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AB-2796 Active Transportation Program.(2015-2016)

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Amended  IN  Senate  June 30, 2016
Amended  IN  Assembly  April 04, 2016

CALIFORNIA LEGISLATURE— 2015–2016 REGULAR SESSION

Assembly Bill No. 2796


Introduced by Assembly Members Bloom and Low

February 19, 2016


An act to amend Section 2381 Sections 2380, 2381, and 2382 of the Streets and Highways Code, relating to transportation.


LEGISLATIVE COUNSEL'S DIGEST


AB 2796, as amended, Bloom. Active Transportation Program.
Existing law creates the Active Transportation Program in the Department of Transportation for the purpose of encouraging increased use of active modes of transportation, such as biking and walking, with specified available funds to be awarded to eligible projects by the California Transportation Commission and regional transportation agencies. Existing law requires the commission to award 50% and 10% of available funds to projects statewide and to projects in small urban and rural regions, respectively, with the remaining 40% of available funds to be awarded to projects by metropolitan planning organizations, with the funds available for distribution by each metropolitan planning organization based on its relative population. Existing law requires the California Transportation Commission to adopt the 2015 program of projects no later than January 31, 2016, with each subsequent program of projects to be adopted by April 1 of each odd-numbered year, and requires the commission to adopt guidelines for the program.
This bill would would, for a program cycle adopted on or after January 1, 2018, require a minimum of 5% of available funds in each of the 3 distribution categories to be awarded for planning and community engagement for active transportation in disadvantaged communities and a minimum of 10% of all available Active Transportation Program funds to be programmed for planning and noninfrastructure purposes, except as provided. provided, and would require at least 50 percent of that amount to be programmed for planning activities to develop comprehensive active transportation master plans. The bill would also require the guidelines adopted by the commission to authorize an implementing agency to expend its own funds in advance of an allocation of funds to the project by the commission and to subsequently be reimbursed for eligible expenditures if the agency, for a project programmed in a future fiscal year, receives commission approval in the form of a letter of no prejudice or the agency, for a project programmed in the current fiscal year, notifies the commission of its intent to expend its own funds in advance of an allocation, as prescribed.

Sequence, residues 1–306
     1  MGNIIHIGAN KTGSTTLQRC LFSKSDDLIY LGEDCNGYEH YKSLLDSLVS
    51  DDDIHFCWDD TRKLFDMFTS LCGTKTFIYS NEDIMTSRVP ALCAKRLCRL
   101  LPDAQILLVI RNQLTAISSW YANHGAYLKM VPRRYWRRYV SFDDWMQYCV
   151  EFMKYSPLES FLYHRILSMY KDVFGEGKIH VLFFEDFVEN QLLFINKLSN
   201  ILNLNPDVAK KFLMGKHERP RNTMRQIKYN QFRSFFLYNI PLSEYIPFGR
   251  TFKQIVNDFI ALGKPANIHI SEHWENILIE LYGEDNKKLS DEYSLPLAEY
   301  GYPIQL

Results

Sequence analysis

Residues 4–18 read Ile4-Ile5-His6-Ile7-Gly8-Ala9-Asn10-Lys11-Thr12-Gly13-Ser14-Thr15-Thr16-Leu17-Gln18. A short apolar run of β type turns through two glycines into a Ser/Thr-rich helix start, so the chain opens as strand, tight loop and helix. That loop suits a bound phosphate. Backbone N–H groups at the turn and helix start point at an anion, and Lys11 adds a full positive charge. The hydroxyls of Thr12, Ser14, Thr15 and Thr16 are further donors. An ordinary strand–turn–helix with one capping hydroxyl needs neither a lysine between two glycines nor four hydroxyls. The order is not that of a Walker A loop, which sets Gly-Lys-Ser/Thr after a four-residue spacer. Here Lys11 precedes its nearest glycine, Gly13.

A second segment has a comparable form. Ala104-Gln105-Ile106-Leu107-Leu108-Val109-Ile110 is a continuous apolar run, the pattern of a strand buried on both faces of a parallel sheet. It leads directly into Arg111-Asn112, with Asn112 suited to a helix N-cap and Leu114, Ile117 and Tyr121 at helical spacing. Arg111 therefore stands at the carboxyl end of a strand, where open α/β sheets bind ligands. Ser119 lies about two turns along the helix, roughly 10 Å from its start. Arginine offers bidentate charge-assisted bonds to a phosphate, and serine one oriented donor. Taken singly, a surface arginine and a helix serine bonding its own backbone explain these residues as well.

Vote: MAJORITY   Appropriation: NO   Fiscal Committee: YES   Local Program: NO  

The people of the State of California do enact as follows:


SECTION 1.

 The Legislature finds and declares all of the following:
(a) Achieving the Active Transportation Program’s goal of encouraging increased use of active modes of transportation, such as biking and walking, requires a comprehensive approach that addresses nonmotorized infrastructure needs and that employs behavioral change strategies.
(b) Research supported by the Federal Highway Administration has shown that a comprehensive approach that includes, at a minimum, what is commonly referred to as the “5 E’s” results in the greatest mode shift to walking and biking. The 5 E’s are:
(1) Engineering: Creating operational and physical improvements to a roadway that reduce speeds and potential conflicts with motor vehicle traffic and establish safer and fully accessible crossings, walkways, trails, and bikeways.